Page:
Even the basic issue of political succession is now open to doubt; and US Republican states bar blacks from voting
Effective public institutionsPublic bodies adequately funded
Their performance measured and open to challenge
Politicians propose and civil servants advise
Austerity programmes have weakened the efficacy of state bodies
The traditional notion of civil service independence now questioned
increased politicisation
auhtor of the table: Ronald Young

We have, of course, become much more cynical since 1989 – our trust in both public and private institutions has crashed spectacularly. On Thinking Institutionally (2008) was one of the very few books to explore this issue with pages 18-20 of the link giving a very useful timeline of the past half-century’s growth of political distrust in the USA  

Even people understood to be conservatives—at least in the way we conceptualize political ideology today—assail institutions. Free market economics places a premium on self-interest and assumes institutions stifle innovation and entrepreneurship.
But institutions provide reference points in an uncertain world. They tie us to the past and present; furnish personal assistance; and institutionalize trust. 

Few paid much attention to the book at the time but “A Time to Build” has recently used it to pick up the argument about the importance of institutions and the priority which needs to be given to developing a greater degree of integrity in their operations. The author is a traditional conservative in the US – a rare breed these days – and has written recent papers (on such issues as journalism and the Congress) which apply one of his basic points – that institutions can be seen either as a “mold” which shapes an individual’s character or as a “platform” to launch a personality or brand. And that social media reward the latter.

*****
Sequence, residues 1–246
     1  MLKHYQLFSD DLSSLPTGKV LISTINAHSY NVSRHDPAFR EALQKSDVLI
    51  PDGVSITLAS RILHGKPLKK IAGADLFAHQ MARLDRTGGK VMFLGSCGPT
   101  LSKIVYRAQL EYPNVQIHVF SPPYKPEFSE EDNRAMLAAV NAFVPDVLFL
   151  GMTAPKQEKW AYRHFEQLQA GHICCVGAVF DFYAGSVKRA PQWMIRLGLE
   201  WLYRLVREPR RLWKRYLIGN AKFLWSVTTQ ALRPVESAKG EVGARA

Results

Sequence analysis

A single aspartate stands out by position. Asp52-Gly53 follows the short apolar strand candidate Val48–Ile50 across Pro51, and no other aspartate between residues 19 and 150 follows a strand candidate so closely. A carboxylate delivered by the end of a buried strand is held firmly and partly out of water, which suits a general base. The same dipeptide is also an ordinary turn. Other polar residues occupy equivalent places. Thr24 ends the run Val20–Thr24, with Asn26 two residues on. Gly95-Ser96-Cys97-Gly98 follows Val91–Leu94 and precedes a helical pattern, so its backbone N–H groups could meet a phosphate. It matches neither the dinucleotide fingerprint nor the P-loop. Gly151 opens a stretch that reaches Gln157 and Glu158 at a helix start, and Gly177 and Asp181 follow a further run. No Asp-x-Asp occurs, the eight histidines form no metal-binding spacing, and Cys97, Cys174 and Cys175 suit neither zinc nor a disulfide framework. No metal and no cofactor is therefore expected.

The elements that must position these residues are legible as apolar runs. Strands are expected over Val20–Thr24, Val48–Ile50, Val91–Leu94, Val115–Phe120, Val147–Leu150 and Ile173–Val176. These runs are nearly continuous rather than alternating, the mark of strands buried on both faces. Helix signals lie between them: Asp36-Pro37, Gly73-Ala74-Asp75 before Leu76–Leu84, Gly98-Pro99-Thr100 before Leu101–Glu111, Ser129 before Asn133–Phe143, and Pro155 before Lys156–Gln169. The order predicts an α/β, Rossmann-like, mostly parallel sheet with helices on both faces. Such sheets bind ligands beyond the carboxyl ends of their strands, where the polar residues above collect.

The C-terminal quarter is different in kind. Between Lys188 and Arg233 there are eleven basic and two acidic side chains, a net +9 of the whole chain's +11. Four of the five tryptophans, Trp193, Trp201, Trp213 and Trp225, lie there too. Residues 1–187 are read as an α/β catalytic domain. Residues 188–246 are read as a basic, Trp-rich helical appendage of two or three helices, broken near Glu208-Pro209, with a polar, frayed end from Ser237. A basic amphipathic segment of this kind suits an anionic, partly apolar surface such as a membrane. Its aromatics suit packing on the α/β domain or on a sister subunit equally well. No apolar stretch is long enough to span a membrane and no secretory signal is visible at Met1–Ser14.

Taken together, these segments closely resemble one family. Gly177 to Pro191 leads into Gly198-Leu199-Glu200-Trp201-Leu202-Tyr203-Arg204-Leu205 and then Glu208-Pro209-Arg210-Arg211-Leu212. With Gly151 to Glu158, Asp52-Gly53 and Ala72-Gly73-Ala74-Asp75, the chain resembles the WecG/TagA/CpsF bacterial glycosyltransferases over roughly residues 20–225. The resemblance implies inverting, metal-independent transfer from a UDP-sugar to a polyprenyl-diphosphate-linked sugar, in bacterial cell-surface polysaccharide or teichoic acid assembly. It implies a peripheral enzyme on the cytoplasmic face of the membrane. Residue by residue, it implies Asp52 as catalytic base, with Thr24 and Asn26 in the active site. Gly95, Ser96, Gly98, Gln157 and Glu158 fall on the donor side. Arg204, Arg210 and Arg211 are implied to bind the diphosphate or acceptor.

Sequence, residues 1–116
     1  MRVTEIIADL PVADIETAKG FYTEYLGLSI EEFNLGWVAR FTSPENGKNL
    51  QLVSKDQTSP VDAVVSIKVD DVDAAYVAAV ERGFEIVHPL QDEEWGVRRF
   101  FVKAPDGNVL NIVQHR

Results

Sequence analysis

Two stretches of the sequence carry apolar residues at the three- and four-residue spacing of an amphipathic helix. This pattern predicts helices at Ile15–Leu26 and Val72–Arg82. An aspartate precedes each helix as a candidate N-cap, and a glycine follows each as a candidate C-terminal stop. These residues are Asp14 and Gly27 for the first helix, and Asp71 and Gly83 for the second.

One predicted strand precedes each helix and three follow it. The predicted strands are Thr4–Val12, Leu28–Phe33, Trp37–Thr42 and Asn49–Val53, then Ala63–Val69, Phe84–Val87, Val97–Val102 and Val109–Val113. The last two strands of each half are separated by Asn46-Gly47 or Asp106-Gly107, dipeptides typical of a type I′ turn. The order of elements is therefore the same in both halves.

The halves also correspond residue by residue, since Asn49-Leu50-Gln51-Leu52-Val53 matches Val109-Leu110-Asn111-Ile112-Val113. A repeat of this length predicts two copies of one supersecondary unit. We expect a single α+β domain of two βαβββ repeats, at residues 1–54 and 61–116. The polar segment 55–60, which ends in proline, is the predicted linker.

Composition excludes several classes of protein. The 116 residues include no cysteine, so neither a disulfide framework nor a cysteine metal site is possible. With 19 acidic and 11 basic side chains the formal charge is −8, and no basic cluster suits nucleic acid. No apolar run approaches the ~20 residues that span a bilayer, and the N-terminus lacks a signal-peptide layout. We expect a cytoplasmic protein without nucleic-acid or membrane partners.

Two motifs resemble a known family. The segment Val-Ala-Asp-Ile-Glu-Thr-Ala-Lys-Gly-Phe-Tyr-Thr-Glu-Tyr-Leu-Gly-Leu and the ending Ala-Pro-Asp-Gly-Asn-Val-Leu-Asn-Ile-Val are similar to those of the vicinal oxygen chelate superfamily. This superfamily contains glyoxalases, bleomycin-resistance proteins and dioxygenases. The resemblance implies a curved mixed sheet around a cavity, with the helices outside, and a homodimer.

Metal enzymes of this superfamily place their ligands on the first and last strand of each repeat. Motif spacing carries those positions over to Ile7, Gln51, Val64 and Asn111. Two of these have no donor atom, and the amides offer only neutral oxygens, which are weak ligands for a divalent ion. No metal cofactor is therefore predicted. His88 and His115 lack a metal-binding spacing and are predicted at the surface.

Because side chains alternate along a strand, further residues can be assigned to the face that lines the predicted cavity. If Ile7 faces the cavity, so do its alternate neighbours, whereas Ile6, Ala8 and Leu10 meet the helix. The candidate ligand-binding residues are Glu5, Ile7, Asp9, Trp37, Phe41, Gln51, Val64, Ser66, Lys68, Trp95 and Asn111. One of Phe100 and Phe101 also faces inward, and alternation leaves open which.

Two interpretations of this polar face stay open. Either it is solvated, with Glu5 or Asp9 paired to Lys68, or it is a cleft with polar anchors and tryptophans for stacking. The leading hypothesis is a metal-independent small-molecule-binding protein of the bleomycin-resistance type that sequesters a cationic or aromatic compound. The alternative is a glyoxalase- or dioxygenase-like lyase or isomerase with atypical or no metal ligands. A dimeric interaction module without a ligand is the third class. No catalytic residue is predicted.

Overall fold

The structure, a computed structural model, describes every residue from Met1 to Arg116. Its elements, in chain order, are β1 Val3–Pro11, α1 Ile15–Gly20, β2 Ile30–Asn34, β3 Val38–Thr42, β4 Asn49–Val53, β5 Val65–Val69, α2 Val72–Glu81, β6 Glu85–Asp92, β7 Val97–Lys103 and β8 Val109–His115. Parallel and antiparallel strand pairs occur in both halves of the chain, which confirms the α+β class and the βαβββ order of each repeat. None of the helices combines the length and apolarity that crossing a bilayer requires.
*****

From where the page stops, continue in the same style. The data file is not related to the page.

…….Journalists should recognize that their profession may have a particularly important role to play in any partial recovery of American confidence in institutions. This is because journalism stands to offer a means by which to channel our mistrust of other institutions, and so to filter our skepticism in ways that might keep it from further curdling into cynicism. The self-image of American journalists as valiant muckrakers speaking truth to power is frequently exaggerated. Most journalists are highly educated and culturally elite, and much of what they do implicitly involves defending the preconceptions of the powerful, which they share 

But too many journalists succumb to the temptation of muckraking – on the basis that it’s what sells newspapers

In his final Presidential address in 1960, Eisenhower left us with this warning 

We . . . must avoid the impulse to live only for today, plundering for our own ease and convenience the precious resources of tomorrow. We cannot mortgage the material assets of our grandchildren without risking the loss also of their political and spiritual heritage. We want democracy to survive for all generations to come, not to become the insolvent phantom of tomorrow.

The most useful books/articles on the subject

Photo 161864223 © motortion | via